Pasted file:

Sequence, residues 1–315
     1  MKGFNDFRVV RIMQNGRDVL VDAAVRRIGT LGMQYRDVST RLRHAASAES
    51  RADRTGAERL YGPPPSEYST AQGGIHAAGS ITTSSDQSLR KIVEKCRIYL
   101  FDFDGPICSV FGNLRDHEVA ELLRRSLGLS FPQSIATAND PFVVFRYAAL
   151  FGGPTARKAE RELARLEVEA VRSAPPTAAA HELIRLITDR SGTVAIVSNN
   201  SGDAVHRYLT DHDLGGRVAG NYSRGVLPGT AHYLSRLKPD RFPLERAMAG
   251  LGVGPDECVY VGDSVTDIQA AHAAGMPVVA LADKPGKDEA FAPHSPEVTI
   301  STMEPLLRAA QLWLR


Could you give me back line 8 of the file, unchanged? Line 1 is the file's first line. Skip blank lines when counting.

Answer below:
   301  STMEPLLRAA QLWLR